For nearly 15 years, I have helped businesses small and large elevate their earnings by developing business strategies that drive opportunity. This week, I have had the opportunity to help an individual who has a premium lighting store in Utah. He has kindly asked me to refrain from using his name or business but will allow me to share his experience. For this purpose, I will use the name Charles.
Charles was recommended to us from another client. He indicated that for the last two months, his sales have continued to drop. Roughly about 6 months ago, he did a nominal increase across the board to offer an increased wage and add medical benefits for his staff. While the increase was very modest, he continued to have sales. During the outbreak of COVID19, he was able to continue to drive sales by selling selective popular products on a website along with limited store hours.
However, shortly after business returning to normal hours of operation, he noticed sales were great and immediately took a nosedive. His regular customers were nowhere to be found.
As with every client, I provide an intake form for the client to fill out and return to us. I also ask for additional exhibits to be provided. After receiving these items, I immediately knew the reason why people were not shopping at his store. However, to confirm my findings, I asked him to send a survey to only people who consecutively opened emails. One of the questions included:
To maintain a high level of safety amongst staff and customers, would you be open to a surcharge of 8% against your total check to provide our guests with Personal Protection Equipment (PPE) If no, please indicate why:
The purpose of this question was because one of the exhibits was a receipt. Charles was adding an 8% surcharge for PPE.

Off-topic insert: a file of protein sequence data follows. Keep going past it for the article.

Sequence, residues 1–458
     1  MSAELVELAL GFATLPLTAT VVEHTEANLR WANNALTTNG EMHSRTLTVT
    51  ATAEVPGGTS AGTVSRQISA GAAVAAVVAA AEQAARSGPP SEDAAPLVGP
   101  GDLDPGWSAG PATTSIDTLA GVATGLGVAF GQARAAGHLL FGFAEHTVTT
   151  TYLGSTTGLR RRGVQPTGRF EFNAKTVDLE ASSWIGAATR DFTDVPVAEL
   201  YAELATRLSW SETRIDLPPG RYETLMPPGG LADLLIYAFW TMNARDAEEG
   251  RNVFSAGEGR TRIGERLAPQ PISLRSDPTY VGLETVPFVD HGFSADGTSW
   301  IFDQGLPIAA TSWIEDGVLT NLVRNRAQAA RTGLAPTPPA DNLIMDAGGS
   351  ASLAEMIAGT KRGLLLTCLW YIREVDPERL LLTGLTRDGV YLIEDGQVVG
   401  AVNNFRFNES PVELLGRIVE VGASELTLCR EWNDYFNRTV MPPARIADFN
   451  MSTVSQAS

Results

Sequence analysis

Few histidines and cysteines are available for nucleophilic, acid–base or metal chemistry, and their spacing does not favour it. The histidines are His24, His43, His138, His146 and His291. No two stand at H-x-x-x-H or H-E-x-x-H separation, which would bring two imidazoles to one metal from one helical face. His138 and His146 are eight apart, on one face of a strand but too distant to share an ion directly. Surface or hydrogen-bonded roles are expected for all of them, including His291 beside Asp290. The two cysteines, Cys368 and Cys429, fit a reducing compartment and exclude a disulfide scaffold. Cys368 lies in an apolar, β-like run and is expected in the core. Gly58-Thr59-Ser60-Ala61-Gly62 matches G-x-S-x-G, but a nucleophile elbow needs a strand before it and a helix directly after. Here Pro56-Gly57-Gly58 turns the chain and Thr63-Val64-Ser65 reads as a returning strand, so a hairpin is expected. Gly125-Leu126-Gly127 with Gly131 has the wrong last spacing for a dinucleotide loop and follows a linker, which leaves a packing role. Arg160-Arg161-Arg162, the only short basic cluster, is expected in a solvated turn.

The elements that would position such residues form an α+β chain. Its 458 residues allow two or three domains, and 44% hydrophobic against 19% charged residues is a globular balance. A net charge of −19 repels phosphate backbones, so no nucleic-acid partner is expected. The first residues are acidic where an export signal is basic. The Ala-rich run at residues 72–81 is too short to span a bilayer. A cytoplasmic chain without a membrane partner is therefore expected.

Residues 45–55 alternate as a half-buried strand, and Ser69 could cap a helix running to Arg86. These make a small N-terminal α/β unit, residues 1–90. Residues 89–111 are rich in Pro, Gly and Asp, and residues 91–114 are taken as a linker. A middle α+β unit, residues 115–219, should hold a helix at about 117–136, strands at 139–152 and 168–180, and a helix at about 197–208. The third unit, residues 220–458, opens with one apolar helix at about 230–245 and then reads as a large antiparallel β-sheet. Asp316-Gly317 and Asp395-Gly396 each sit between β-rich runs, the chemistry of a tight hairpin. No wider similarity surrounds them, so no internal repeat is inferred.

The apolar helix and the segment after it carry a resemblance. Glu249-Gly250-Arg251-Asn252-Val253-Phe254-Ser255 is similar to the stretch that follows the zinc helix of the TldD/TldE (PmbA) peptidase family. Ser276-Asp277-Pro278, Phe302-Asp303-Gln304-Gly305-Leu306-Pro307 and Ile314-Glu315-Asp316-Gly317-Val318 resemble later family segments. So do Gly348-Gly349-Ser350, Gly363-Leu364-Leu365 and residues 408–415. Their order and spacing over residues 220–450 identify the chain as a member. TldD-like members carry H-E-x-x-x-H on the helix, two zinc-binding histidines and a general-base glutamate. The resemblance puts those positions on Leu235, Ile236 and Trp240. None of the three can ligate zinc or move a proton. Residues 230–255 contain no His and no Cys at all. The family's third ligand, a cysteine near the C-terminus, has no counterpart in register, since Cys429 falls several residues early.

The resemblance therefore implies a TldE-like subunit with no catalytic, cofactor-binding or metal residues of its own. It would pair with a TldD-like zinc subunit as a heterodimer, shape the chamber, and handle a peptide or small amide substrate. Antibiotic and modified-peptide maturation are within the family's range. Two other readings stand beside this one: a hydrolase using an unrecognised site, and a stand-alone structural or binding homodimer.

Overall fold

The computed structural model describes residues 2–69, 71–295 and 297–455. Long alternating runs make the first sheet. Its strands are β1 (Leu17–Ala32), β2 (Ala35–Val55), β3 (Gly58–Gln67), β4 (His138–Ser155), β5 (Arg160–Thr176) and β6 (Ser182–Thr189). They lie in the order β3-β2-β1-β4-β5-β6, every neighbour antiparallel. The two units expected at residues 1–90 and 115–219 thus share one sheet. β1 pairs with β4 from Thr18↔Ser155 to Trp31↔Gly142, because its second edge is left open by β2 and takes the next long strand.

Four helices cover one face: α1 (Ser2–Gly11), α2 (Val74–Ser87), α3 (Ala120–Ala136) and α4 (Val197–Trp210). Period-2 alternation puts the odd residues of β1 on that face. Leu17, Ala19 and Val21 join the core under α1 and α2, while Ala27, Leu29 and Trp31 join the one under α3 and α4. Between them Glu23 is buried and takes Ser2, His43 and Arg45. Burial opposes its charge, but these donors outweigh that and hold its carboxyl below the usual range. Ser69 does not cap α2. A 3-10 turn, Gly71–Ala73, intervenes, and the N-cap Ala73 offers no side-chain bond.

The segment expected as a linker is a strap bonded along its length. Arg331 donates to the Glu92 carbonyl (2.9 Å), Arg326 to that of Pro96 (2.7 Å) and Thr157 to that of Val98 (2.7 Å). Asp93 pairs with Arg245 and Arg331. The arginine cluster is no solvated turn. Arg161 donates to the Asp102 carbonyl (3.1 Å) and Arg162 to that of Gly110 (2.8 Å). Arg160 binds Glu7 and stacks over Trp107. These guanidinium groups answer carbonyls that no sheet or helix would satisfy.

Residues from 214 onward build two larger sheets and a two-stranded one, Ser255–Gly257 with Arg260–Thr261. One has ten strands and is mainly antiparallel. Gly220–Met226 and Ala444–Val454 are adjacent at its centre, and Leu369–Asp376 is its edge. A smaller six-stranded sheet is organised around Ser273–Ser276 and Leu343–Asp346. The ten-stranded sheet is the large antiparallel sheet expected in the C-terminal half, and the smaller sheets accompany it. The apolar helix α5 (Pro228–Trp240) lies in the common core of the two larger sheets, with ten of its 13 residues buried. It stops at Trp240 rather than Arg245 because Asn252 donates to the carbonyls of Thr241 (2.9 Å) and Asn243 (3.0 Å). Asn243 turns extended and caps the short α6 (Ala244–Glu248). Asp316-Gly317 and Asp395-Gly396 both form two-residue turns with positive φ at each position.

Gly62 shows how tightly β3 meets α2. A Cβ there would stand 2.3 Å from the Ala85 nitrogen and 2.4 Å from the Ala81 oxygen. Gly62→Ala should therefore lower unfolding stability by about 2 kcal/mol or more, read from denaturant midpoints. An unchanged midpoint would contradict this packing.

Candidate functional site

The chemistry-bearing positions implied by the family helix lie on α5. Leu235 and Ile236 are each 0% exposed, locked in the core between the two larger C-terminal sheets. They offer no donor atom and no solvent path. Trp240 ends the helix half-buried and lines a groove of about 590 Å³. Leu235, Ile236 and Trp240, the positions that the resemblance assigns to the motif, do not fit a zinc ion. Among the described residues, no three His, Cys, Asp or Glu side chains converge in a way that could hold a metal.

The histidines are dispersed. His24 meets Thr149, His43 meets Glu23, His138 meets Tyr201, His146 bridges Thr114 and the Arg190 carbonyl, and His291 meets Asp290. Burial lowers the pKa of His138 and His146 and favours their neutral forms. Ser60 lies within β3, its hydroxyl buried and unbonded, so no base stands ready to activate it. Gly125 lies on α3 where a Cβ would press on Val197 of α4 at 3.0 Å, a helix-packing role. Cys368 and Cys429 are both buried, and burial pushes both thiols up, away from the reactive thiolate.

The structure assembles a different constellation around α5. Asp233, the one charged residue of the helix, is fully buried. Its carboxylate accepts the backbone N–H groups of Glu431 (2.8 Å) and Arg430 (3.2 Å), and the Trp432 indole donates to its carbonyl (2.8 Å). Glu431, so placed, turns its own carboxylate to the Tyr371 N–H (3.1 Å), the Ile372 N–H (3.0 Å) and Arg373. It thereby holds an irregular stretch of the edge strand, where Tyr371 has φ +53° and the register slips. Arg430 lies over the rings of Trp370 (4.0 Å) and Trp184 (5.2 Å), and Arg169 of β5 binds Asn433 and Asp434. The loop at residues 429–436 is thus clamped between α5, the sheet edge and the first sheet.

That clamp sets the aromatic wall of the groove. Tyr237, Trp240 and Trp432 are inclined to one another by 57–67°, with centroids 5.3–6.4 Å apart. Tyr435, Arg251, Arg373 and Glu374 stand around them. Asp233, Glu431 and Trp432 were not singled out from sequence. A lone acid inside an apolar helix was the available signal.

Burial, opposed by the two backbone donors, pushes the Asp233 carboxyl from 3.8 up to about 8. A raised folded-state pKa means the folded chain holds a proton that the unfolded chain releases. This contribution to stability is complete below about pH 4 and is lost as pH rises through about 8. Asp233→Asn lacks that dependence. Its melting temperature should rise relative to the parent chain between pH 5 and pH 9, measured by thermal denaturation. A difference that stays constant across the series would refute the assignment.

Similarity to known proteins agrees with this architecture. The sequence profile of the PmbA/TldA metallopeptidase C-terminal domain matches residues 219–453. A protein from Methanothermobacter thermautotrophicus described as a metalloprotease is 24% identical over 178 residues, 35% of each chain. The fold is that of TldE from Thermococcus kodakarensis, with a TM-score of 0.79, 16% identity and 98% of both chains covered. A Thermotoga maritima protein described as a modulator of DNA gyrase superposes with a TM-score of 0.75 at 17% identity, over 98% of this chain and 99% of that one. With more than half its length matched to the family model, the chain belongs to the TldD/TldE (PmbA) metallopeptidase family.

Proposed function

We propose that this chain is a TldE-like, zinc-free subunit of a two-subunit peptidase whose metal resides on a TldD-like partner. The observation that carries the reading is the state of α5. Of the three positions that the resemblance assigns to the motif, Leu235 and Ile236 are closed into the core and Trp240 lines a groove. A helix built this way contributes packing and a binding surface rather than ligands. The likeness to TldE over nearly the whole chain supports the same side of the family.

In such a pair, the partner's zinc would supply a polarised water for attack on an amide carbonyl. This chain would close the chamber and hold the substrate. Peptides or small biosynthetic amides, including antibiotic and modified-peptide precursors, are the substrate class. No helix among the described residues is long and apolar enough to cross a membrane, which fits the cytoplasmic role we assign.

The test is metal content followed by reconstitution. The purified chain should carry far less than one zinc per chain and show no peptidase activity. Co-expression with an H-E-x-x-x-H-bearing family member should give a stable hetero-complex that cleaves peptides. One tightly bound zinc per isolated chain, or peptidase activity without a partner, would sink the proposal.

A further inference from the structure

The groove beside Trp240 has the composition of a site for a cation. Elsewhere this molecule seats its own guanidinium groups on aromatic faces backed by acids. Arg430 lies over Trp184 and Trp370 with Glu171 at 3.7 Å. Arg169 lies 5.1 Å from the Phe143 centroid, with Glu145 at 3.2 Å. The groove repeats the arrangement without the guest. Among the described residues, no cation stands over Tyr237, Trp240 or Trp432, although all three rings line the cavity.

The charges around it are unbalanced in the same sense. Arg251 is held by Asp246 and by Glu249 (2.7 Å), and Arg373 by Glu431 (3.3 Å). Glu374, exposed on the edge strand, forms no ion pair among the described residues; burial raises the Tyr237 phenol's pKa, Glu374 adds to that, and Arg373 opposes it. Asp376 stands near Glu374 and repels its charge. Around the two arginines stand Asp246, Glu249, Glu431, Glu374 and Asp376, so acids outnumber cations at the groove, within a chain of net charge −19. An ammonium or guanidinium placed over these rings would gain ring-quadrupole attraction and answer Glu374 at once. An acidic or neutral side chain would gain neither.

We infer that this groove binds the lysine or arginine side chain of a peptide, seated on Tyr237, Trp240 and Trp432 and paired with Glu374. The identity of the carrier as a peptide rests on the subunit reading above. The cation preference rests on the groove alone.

The next morning after the survey was sent, results were quickly arriving. 3,200 emails were sent out. 950 emails accessed the survey and provided responses, which tells me that the customers loved his business and were actively engaged with him. The 30% open rate is great. However, looking at the specific question every time, everyone selected “no.” Furthermore, some customers indicated that they were not shopping at his store because they felt that in addition to a sales tax, an extra 8% was too much to pay.
I agreed. The average ticket price was $750. For a $1,000 order, $80 was added for PPE. Now, we all know a single pair of gloves, a disposable face cover, and a squirt of hand sanitizer doesn’t add up to $80.
Charles and I had a conversation for about 20 minutes to wrap up our findings over a PPE surcharge. He is losing customers because he is placing a surcharge on every sale for 8% to cover the expenses to provide face masks, plastic gloves, and hand sanitizer at the door.
As I indicated, if you operate a business in which customers come in and you have public restrooms, you already have an expense that is related to toilet paper, soap, paper towels, etc. The point being is that you must absorb this cost. At the end of the year, this is a business expense, which can be written off. If you and your employees are utilizing the same items that you are putting out for your staff, then it becomes a business expense.
I realize that managing a business has a lot of direct and indirect costs that may eat up
your margins. It is especially important to take an annual review of everything cost related and see if there are ways to save money. Charging your customer for your costs is not the best way.
If you would like some help with this task, reach out to us and one of our consultants can help you review your cost strategies and come up with some ways to streamline your expenses.
Remember, your customer is looking at everything. The customer experience is from when they enter the door (or website) and until the sale is generated and the customer leaves. Surcharges, shipping costs, and other related costs are just as important as traffic flow, signs, prices, etc.